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Civility, Bill C-18 and future of agriculture

Elections are indispensable elements of democracy and so are the respect and recognition for the mandate of elected officials.

Elections are indispensable elements of democracy and so are the respect and recognition for the mandate of elected officials.

But last week, we witnessed an incident in which one elected official refused to respect and recognize another elected official: Wetaskiwin MP Blaine Calkins declined permission to Jan Slomp, President of the National Farmers Union of Canada, to enter his constituency office in Ponoka on grounds that Slomp was “not welcome because he abused the privileges of coming to (my) office.”

Mr. Calkins did not specify how Mr. Slomp had abused which privileges. On the other hand, Mr. Slomp told me that he had received a personal congratulatory message from Mr. Calkins in December 2013 after his election to his position, but after that, every one of his attempts to set an appointment to meet Mr. Calkins in person was rebuffed due to the “too busy schedule” of the Wetaskiwin MP.

No matter what Mr. Calkins may be thinking of Mr. Slomp personally, his refusal to meet and speak to the elected president of a national organization does not look compatible with the understanding of democratic civility in our country, known for holding up the values and traditions of democratic governance.

There are probably other justifiable, harsher adjectives to describe this kind of attitude, but I will just say that I find it very “unhealthy” for officials of national stature failing to find at least a common platform to exchange opinions on any given issue.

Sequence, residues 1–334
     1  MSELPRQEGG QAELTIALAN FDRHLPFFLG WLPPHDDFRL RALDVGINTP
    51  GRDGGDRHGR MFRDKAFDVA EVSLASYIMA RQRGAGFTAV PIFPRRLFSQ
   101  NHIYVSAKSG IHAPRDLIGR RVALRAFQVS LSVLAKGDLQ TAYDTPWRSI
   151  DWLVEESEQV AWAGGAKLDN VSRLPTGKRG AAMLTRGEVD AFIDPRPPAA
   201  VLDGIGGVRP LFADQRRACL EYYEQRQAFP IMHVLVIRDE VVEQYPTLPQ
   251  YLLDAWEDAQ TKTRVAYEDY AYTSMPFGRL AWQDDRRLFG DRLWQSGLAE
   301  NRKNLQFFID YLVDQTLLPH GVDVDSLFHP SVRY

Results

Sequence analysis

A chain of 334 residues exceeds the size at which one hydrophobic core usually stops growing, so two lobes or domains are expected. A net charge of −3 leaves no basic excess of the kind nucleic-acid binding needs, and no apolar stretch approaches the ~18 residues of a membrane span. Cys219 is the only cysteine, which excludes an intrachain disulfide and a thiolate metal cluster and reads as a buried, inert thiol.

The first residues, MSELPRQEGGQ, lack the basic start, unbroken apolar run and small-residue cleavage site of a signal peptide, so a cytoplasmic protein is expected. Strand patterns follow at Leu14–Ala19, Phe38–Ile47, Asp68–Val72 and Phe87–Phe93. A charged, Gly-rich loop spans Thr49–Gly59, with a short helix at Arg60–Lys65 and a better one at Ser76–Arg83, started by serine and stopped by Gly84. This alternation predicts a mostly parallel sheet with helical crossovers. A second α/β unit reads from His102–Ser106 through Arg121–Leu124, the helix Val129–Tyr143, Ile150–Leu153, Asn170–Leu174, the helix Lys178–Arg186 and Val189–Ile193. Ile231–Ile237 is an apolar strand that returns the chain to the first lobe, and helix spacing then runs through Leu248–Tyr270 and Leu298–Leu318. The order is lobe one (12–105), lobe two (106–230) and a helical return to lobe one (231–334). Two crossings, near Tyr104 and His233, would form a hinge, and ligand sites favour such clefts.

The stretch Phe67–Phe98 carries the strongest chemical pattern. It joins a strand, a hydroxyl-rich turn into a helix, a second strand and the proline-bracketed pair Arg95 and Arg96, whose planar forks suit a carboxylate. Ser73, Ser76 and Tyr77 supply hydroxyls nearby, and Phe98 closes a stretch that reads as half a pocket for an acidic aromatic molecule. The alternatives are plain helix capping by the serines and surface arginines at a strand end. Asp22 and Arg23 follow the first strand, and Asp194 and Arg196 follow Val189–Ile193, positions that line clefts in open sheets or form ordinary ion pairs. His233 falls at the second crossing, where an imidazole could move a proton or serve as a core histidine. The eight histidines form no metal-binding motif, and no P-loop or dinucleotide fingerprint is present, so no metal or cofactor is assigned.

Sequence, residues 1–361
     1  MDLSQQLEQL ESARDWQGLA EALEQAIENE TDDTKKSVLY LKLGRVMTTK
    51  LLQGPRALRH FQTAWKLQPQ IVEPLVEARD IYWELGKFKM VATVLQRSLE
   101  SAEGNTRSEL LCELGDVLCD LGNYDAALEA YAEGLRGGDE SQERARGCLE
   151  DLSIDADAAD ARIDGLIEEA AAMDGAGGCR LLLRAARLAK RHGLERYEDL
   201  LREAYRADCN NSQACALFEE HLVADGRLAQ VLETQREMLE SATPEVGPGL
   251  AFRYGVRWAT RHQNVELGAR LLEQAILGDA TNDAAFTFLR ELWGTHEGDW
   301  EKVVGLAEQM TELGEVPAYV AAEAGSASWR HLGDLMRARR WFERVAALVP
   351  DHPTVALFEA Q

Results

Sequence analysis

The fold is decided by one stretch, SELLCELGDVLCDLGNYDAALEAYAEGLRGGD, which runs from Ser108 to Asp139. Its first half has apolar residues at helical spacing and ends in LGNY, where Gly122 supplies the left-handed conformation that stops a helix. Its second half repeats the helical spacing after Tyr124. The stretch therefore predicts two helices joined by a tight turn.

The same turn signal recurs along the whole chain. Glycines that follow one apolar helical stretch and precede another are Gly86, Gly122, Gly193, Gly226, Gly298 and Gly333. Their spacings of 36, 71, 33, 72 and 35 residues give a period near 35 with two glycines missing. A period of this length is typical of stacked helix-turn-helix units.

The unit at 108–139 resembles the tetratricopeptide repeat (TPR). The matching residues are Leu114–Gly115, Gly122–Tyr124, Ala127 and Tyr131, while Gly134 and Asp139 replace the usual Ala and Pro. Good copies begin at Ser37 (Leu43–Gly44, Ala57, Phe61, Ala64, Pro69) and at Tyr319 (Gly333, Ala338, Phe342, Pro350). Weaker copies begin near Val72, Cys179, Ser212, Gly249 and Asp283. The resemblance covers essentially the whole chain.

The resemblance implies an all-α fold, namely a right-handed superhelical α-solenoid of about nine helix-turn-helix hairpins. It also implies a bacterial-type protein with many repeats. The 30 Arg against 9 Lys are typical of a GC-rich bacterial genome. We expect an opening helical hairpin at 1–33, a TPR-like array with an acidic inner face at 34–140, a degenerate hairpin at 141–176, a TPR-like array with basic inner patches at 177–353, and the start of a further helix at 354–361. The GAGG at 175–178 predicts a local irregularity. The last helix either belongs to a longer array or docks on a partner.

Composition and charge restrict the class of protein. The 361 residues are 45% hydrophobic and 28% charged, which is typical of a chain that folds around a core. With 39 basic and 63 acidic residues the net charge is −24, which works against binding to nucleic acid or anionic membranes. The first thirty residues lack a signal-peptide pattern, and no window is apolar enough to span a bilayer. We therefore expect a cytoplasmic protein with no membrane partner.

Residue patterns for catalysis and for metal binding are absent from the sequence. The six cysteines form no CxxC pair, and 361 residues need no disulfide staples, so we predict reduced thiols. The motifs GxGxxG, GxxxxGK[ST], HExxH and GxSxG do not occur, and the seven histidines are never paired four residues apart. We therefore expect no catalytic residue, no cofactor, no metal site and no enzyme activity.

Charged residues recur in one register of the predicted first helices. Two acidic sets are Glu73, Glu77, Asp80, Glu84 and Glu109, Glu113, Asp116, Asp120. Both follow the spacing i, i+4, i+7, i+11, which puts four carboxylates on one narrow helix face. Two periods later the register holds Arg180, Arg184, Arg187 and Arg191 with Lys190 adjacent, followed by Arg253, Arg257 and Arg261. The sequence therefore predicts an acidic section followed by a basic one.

In the week that Mr. Calkins refused to talk to Mr. Slomp, the price of wheat per bushel was $4.69 in the Prairies and $11.38 at the port of Vancouver, both for the same class of wheat.

And who is pocketing that difference in price is not difficult to guess: Grain traders and all the other third parties, making fat profits out of the sweat, labour, time and investment of the farmer.

The current picture is a direct result of the dismantling of the marketing authority of the Canadian Wheat Board (CWB). (There is much more in this week’s agriculture supplement on how the farmers forewarned the government of what was to come way back in 2011 before the CWB’s single desk marketing was abolished.)

One can clearly see that the brazenly ideological approach taken by successive Harper governments regarding the management of the economy has started to hurt farmers while benefiting corporations. Yet, it looks like there is more to come.

The issue that has prompted Mr. Calkins to react and write a letter to the Ponoka News the week before last is the controversy surrounding the omnibus bill, Agricultural Growth Act, better known as Bill C-18 and the proposed allegiance of Canada to a new international convention on the plant breeders’ rights under the very same bill.

Ponoka News has already reported on the subject and will continue to follow the debate and make its best effort to reflect both sides of the argument.

While we promise to report the discussion in a balanced fashion, I cannot help stating my own opinion that this new legislation has the potential to transform at least some Canadian farmers to labourers on their own farmland within a decade or so.

With the agricultural multinationals like Monsanto dictating what has to be grown and how, even the farmers in the United States, who generally put yield before quality, have had it. (

And the kind of corporate dominance mentioned in that story coming to Canadian farmland is not too far away, if Bill C-18 is adopted by the parliament.

One really wonders if Mr. Harper and his government are really aware of what they are doing to Canadian agriculture.